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How do breathing patterns relate to state of mind?

Independent from physical activity, your state of mind influences your breathing patterns. In addition, your breathing also reveals patterns in sympathetic and parasympathetic arousal associated with different emotional and cognitive states (e.g. calm, focus, etc.).

 Spire's design and algorithms are based on the research of our scientific advisor, Dr. Stephen Porges. Dr. Porges is the originator of the polyvagal theory, which describes the three evolutionary layers (evolved mammalian, mammalian, and reptilian/amphibian) of our nervous system used to maintain homeostasis via the longest cranial nerve, the vagus.

 The vagus nerve is responsible for regulating heart rate, speech, digestion, as well as cortisol and adrenaline levels. Dr. Porges spearheaded the use of respiratory sinus arrhythmia (RSA) as a measure of vagal tone. Conscious control of breathing modulates the extent to which the vagus is gated.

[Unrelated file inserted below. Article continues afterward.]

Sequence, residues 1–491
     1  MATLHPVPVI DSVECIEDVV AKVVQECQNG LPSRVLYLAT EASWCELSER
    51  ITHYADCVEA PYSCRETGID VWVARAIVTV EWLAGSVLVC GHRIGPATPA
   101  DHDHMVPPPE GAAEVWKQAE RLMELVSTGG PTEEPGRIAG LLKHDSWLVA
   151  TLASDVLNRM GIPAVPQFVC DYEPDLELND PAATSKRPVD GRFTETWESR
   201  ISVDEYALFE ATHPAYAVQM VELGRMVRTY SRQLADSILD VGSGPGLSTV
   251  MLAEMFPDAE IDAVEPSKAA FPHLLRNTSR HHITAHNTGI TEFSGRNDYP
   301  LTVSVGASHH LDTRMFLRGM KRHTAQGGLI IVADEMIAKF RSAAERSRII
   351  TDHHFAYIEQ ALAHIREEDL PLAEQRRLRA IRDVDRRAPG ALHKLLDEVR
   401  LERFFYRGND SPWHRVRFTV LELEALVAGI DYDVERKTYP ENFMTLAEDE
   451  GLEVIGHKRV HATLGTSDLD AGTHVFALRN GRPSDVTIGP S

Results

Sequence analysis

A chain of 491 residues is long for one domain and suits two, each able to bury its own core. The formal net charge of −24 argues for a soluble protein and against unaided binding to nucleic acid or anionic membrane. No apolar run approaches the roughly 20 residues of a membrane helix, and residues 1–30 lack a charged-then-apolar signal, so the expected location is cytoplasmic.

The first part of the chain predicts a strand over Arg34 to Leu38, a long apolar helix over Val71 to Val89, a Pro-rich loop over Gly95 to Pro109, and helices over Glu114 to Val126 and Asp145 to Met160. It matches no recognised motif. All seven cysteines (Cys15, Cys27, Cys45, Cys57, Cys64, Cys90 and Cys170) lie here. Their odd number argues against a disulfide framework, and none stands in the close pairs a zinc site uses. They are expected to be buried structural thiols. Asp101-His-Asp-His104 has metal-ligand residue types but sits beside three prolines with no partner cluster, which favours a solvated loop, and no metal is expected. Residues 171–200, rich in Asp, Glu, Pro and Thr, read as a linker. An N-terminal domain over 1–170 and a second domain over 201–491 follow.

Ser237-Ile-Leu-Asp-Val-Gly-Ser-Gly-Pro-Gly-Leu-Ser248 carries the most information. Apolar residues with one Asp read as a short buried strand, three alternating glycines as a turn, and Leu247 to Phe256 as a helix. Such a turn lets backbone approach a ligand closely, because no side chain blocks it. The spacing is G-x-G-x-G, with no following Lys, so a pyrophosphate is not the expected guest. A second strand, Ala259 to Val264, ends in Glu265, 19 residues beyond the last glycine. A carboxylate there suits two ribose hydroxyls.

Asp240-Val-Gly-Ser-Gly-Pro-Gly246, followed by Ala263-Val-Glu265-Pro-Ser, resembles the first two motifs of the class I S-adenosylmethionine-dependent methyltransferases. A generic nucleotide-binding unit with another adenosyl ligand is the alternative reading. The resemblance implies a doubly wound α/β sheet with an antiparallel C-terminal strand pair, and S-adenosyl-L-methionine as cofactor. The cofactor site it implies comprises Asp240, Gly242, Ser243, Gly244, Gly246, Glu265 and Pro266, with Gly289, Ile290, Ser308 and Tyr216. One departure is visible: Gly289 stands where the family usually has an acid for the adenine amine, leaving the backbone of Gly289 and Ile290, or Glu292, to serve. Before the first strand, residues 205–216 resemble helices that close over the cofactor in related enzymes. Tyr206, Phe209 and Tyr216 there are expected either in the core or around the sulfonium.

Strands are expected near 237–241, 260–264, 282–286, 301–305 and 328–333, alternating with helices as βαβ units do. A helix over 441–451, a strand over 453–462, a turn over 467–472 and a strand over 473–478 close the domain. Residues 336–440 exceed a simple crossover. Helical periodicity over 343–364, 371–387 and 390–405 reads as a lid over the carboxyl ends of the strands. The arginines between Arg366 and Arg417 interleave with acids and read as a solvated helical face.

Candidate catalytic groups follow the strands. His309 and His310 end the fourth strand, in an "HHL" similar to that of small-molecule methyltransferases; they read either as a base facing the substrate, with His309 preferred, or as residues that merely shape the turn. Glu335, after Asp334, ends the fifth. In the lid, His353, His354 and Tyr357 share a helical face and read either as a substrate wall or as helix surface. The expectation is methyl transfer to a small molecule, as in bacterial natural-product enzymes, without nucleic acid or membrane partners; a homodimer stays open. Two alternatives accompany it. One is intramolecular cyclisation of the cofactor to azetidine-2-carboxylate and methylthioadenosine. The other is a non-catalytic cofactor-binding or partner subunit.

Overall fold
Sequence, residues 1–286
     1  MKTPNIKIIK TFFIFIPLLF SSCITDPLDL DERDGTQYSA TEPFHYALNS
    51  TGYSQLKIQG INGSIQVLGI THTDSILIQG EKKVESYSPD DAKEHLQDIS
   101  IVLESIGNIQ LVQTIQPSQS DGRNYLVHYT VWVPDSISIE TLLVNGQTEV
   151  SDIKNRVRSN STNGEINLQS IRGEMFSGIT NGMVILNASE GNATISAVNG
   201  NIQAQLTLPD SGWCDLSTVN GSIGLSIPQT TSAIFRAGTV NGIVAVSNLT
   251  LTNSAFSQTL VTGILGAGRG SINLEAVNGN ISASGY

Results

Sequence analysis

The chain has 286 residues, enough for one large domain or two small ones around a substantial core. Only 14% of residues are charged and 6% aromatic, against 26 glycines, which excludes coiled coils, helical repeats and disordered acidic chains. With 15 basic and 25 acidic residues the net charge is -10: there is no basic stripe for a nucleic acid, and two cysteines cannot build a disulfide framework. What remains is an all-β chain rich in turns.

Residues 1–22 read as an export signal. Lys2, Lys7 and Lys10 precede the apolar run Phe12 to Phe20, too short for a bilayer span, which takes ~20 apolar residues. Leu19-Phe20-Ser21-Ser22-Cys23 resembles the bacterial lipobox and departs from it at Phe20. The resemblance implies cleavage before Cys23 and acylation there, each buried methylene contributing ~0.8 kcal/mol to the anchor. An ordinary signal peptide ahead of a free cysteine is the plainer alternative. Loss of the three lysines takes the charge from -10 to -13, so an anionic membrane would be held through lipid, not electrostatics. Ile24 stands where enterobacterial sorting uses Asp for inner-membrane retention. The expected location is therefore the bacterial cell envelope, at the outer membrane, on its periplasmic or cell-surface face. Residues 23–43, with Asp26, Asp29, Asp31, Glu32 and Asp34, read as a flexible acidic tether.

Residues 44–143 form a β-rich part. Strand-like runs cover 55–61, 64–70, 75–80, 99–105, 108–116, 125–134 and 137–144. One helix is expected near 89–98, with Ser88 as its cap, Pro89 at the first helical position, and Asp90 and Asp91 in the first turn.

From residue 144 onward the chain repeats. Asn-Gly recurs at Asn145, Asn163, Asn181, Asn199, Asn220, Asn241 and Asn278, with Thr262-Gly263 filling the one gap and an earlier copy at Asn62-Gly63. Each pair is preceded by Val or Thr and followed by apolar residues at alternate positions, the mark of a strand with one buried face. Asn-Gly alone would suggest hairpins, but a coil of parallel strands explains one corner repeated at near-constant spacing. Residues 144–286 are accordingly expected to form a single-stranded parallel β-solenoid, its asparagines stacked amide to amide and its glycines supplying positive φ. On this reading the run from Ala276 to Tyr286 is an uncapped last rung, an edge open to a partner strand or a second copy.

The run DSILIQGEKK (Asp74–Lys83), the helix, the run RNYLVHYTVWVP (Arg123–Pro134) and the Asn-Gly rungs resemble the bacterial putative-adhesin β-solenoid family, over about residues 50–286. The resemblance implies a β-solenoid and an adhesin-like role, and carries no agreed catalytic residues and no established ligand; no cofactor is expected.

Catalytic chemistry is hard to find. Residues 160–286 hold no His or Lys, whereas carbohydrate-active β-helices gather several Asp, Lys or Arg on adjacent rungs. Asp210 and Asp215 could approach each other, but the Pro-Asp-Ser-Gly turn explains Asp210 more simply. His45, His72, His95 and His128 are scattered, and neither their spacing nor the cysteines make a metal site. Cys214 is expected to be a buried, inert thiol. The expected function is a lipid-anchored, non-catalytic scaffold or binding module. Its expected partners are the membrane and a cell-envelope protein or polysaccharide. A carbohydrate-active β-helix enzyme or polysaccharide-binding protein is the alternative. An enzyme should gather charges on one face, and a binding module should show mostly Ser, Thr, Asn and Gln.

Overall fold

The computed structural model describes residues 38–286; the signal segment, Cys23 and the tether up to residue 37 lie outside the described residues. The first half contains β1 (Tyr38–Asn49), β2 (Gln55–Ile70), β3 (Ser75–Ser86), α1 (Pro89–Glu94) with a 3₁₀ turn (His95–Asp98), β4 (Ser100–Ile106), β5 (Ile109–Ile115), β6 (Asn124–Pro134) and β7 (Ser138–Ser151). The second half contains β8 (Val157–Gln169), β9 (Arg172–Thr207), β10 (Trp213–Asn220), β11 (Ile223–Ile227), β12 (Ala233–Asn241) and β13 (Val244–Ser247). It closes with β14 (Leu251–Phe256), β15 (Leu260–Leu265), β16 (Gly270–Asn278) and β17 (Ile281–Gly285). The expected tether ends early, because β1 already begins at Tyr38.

Your respiratory rate tells Spire if you are in a period of physical or mental exertion. A faster rate of breathing indicates your body needs more oxygen, and thus is working harder. This can be used to measure cognitive and physical activity.

Variability in breathing also ties in closely with focus. A consistent degree of cognitive demand reflects a level of concentration. In this state, the variability of your breathing rate is decreased. Your breathing exhibits small hiccups, speed-ups, pauses, and slow-downs when you are worried or tense; Spire senses these.


A
Allen is the author of this solution article.

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